Our Diverse Heritage: Marion’s Black History Part 1
Celebrating Black History Month in Marion CountyFebruary 5, 2024
Special thanks to Dr. M. Raymond Alvarez, DHA, MPA, FACHE for providing the material for this series.
Part 1: West Virginia’s First Civil Rights Case, Meade vs. Johnson
Black History as a celebration for a month originated by black faculty and students at Kent State in February 1969. Their first celebration of the month was in February 1970. Today it has become one of the most celebrated cultural heritage months on the calendar. This year’s themes highlights those in the arts. When asked by the MCCVB to think about the ‘history’ in our county, I jumped at the chance. But first, I asked one of my faculty peers and close friends, Dr. Greg Hinton, for his perspectives on reflecting key leaders over the years. Dr. Hinton helped me with much historical research as you will see noted in future commentaries. We started making lists from the 1850s, when we were part of Virginia. I am going to spotlight some of those amazing persons who not only were prominent to our community and state but have left us a heritage to appreciate and move forward without forgetting the roots of our community. There are many lessons to be learned from all ethnic cultures, but it is helpful to look back and reflect on many stories.
1860 Slave Schedule
I like to start with the fact that as a child in the local school system in the late 1950s and 1960s, we did not get a true picture of slavery and how West Virginia came to be a state. In fact, most of us supposed that there was no slavery here and that is why the western counties split from the eastern side of Virginia. 1863 statehood was linked to freedom in our minds. Years later in college, I learned that on December 6, 1865, Congress ratified the 13th amendment abolishing slavery in the United Stated. That was when slavery ended in WV. So let us go back to some early freed men and women who found an
inclusive community where they could prosper by the late 1850s to explore some of these citizens who made a lasting, if unknown impact, on our community. Alfred Meade is an excellent example of early freed men who made a difference.
The first civil rights case to be heard in a West Virginia court began as a contract dispute between a former slave, Alfred Meade of Fairmont, and the former governor of Virginia, Joseph
Johnson of Harrison County. When filed in 1866, this case received much national attention, even though Johnson eventually won. It is little known today compared to Strauder v. West Virginia (1880) or Williams v. Board of Education of Tucker County (1898). This case was a breach of contract; however when the court decided based on the race of the individual, it became this state’s first civil rights issue. Alfred Meade, born a slave in Richmond, Virginia on April 4, 1820, was owned by George Wythe Munford, who served as Virginia’s Secretary of the Commonwealth during Johnson’s term as governor. Johnson, who owned property on Simpson Creek in Harrison County and founded Bridgeport, served five terms in the Virginia House of Delegates and 13 years in the U.S. Congress as a representative from Virginia. In March 1851, he was elected governor of Virginia. Around 1852 in Richmond, Meade met Ruhama Coplin, a slave owned by Johnson. Since Munford served in Johnson’s cabinet, this marriage was arranged or familiarized by Munford. They married around 1854.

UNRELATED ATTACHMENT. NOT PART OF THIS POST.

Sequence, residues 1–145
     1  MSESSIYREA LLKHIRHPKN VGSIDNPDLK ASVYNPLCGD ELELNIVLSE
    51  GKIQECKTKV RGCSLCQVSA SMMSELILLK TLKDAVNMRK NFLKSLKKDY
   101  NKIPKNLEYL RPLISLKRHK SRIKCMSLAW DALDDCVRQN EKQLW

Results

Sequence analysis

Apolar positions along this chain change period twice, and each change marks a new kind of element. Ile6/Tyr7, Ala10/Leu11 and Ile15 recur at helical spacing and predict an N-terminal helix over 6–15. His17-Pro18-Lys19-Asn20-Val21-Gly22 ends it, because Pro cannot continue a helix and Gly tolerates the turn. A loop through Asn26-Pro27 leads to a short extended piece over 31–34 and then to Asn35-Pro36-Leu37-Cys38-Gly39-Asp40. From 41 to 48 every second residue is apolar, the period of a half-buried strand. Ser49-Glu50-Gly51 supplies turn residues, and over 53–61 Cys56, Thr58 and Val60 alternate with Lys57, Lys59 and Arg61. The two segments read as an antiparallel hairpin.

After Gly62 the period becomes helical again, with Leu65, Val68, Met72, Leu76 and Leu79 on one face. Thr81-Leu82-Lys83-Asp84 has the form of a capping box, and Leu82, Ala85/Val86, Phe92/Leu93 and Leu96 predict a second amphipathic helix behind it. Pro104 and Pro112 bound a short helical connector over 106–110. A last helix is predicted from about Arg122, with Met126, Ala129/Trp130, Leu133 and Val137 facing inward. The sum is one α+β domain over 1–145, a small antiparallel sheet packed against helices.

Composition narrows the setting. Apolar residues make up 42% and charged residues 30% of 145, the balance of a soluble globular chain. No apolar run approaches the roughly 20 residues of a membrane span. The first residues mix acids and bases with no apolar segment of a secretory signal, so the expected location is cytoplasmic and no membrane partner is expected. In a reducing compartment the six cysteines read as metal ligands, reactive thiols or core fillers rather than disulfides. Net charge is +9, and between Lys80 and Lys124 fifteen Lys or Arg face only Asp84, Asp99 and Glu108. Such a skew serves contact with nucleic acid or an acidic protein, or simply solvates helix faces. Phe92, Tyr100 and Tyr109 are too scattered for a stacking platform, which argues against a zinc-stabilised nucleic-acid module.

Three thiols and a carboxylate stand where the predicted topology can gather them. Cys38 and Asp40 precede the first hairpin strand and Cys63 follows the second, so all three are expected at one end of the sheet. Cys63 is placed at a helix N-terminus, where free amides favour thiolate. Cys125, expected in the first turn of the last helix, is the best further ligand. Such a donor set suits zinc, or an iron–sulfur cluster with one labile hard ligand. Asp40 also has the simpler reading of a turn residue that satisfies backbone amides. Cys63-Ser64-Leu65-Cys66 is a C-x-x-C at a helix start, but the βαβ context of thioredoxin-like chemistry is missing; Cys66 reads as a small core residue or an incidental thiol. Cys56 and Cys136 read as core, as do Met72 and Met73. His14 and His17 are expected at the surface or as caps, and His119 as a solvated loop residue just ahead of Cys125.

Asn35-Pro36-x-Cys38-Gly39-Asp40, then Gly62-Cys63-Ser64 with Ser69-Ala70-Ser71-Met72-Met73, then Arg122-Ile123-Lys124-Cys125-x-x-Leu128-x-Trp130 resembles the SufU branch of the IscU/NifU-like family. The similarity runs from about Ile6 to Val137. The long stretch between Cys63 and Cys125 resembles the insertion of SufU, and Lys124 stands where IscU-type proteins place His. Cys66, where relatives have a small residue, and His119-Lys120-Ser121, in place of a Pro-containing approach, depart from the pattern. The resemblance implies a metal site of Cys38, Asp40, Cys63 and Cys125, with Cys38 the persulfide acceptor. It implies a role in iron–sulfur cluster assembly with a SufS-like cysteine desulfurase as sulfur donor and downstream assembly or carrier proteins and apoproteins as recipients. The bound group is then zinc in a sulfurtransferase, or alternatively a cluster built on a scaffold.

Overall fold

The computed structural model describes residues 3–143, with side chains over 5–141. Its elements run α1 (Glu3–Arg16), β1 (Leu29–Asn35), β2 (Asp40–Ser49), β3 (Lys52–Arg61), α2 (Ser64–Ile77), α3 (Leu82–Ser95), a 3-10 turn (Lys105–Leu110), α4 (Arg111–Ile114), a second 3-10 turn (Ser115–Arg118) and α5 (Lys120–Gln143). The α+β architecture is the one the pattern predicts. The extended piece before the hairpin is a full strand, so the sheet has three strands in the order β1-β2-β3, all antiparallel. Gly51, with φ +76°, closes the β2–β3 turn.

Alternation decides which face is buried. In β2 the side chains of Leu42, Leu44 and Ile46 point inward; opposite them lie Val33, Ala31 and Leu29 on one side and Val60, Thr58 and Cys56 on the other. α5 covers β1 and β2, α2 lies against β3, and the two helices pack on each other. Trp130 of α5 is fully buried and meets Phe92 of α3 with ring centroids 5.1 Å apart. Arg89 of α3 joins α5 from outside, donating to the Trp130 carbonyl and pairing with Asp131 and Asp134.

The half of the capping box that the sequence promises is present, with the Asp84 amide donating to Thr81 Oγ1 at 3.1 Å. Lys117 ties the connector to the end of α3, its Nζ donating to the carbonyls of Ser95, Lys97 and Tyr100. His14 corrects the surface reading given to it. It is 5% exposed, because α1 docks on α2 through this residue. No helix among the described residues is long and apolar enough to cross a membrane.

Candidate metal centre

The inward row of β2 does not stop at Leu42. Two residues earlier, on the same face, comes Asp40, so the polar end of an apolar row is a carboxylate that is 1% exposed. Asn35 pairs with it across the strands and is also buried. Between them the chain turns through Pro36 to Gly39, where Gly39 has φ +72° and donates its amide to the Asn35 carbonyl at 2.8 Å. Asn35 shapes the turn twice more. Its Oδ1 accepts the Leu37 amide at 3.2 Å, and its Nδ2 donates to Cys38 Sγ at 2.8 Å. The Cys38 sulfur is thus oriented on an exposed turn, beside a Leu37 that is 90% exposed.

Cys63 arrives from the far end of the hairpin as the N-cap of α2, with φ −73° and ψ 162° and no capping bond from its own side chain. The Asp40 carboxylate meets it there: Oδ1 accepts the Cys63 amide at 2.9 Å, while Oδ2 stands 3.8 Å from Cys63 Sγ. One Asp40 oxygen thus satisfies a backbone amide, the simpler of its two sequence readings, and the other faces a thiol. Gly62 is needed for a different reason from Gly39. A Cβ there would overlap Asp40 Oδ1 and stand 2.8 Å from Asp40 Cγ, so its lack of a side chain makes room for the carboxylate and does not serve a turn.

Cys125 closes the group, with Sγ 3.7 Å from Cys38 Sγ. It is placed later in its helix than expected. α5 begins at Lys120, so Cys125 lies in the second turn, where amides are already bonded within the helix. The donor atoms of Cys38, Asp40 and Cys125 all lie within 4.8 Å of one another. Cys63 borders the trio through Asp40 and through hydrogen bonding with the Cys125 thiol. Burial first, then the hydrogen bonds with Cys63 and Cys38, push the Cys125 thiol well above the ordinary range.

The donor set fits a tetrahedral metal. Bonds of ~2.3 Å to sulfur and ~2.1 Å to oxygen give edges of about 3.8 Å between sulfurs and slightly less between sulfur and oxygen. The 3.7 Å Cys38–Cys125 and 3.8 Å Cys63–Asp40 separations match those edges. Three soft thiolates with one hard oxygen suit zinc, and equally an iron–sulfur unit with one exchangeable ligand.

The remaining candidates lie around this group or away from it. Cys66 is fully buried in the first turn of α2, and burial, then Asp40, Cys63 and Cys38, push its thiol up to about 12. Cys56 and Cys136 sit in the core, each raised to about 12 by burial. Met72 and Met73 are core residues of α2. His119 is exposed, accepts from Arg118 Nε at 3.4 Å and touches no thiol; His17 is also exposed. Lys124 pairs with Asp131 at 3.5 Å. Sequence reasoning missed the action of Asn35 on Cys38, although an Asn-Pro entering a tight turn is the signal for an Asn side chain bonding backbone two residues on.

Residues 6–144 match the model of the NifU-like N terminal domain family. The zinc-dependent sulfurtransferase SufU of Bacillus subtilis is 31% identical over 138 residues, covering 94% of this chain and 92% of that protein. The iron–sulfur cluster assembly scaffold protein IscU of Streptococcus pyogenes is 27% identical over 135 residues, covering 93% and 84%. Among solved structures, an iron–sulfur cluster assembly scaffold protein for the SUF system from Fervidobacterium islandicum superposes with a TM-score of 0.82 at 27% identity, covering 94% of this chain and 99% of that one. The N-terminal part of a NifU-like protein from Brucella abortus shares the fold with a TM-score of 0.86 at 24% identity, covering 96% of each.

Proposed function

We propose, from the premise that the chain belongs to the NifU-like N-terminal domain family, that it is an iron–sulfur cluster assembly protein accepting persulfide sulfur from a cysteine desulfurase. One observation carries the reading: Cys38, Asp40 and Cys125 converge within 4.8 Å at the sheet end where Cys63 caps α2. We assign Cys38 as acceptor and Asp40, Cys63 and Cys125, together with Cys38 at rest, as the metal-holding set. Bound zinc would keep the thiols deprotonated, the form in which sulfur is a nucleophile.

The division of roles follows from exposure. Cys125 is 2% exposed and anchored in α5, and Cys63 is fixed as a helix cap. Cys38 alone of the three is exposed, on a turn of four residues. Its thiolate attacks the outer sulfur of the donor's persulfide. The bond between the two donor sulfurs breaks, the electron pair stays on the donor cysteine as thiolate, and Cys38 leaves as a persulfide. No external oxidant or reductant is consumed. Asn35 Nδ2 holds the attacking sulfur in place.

,,,,,The 1860 Slave Register Harrison County shows Johnson’s slaves midway in right column.
Around the expiration of Johnson’s term, Meade worked in Richmond hotels and had already purchased his own freedom from Munford. Johnson, still owning Ruhama, agreed to an arrangement that enabled Meade to pay for Ruhama’s freedom in installments. Before returning to Harrison County, Johnson granted that Meade could live near Bridgeport, fending for himself. Thus, Meade settled in Fairmont around 1856. With Meade’s experience in some of the finest Richmond hotels, he quickly
found employment in Fairmont. After returning to his Bridgeport farm, Johnson continued to support the Confederacy and was pro-slavery. The 1860 Slave Census of Harrison County indicated that Johnson’s slaves included a 33-year-old female (Ruhama) and her four children from the marriage to Alfred.
Meade soon became well-known as porter and head waiter at the Mountain City House. At the time, Fairmont had a population of 700 but the railroad created new markets for the fledgling coal operators, which included James Otis Watson and Francis Pierpont. When the Civil War interrupted coal field development, it also split the politics of the Monongahela Valley. Johnson returned to Staunton to assist the Virginia government. Meanwhile, the issue of Ruhama’s purchased freedom was unresolved and did not come about during this time. By 1862, Meade and Ruhama divorced, which further complicated the issue of her freedom. Meade married former slave Helen Wilson of Fairmont in 1863.
Request a copy of our Civil War or Marion County History Guide here.